High Schools Need Youth Pastors – They Just Don’t Know It

Written by Geoff Stewart on youthministry.com:

This year our ministry has had a ramped up focus on our local high schools we feel are the final frontier of the student mission field. We have 3 major schools on the peninsula that our church is on, encompassing 4000+ students. A very daunting figure. But what an opportunity and let’s face it, students are not flocking to the Church with questions and concerns anymore. It’s all the more important we be where they are. The problem is many schools are resistant to a pastor’s or religious group’s presence.

We recently encountered one of these schools and it took 9 months of emails, follow up calls and persistence to get a meeting with the administration. In that meeting, we presented what I felt was a well thought out case as to why the school needs us as much as we need them. Here is what we brought to the table.


This was the disarming opening to the conversation, as we said in no uncertain terms that we would not advertise, promote or invite any students to our program, nor would we bring in any fliers, candy or any other bribe into the school. This is non-negotiable for both the school and us. We are not the missionaries doing the heavy lifting, just the supportive spotters.


The transition into high school for some is easy and for others, it can be painful and lonely. For students that have trouble making meaningful connections early in their high school career, they can end up making unhealthy connections with the first people that will talk to them. We committed to being a connector of students, being present in the first weeks of the school year and throughout the year with the intention of helping students make meaningful friendships with other teens involved in the ministry. For the school, the idea of having someone partner with them in helping students make a more successful and less stressful transition into the school was a huge plus.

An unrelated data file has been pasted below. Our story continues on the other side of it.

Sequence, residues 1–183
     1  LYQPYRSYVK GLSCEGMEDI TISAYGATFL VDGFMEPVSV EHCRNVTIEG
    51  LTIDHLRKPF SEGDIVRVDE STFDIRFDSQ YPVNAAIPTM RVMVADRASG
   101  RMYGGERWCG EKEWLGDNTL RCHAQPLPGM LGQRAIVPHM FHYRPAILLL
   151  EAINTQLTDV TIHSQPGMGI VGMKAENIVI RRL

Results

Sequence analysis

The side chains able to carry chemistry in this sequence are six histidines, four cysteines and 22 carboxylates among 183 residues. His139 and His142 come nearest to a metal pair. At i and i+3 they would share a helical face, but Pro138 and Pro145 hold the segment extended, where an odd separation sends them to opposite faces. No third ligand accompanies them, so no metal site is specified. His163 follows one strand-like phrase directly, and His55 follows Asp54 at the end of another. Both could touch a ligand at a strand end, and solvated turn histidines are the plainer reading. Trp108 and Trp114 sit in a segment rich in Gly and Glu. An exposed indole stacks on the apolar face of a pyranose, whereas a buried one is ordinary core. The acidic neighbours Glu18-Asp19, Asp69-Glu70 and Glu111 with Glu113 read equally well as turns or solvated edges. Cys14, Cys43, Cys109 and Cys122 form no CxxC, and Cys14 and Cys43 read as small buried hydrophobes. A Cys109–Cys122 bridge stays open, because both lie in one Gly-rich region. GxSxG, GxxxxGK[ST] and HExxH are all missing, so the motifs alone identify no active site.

There is something about affirming words from someone you respect that speaks to the heart on a different level. As youth workers we are not parents nor are we teachers. Because of our unique relationship with students the words we say speak volumes to them. The look on our students faces when they see us walking down the hall is priceless unless, of course, they are avoiding me (which happens too). A youth worker going out of their way to visit a school tells a student that they matter.


High School principals in many cases are public enemy number one, and we all know that students love to rally around a cause. In a school that cause can be despising leadership. Our role needs to be one where we come alongside the administration and our students and in the midst of frustrations that students may have and encourage them to submit to the authority of the school (1 Peter:2:13-14). Modeling respect for the school’s administration is important. The administration will love to know that we are not undermining anything that they are doing.


Youth workers have a relationship with students that the schools just cannot offer and for that reason, we can be helpful. Our voice is unique and unlike parents or teachers students choose to spend time with us. For that reason, the respect that they have for us is often earned and not expected. Our opinions, concerns, and thoughts are influential in the lives of our students and as often as parents call on us to walk beside their students in times of trial, I suggested schools could do the same. In our meeting with the school, we provided a comprehensive list of all the students who were a part of their school and active at our youth group. We proposed that we would be available if they became concerned with any of our students and we could come along side the family and school to work through whatever the issues might be. This was a big seller for the school, as it became very clear that being in the school was about mentoring and investing in our students, not recruiting and proselytizing the lost.

I am so convicted of the value that investment of just one hour per school every two weeks can have in the spiritual lives of our students, the perceptions of Christianity and pastors to their friends, and the opportunities that we will have to live out a relationship with Christ to the teachers and administration of the schools we are serving.

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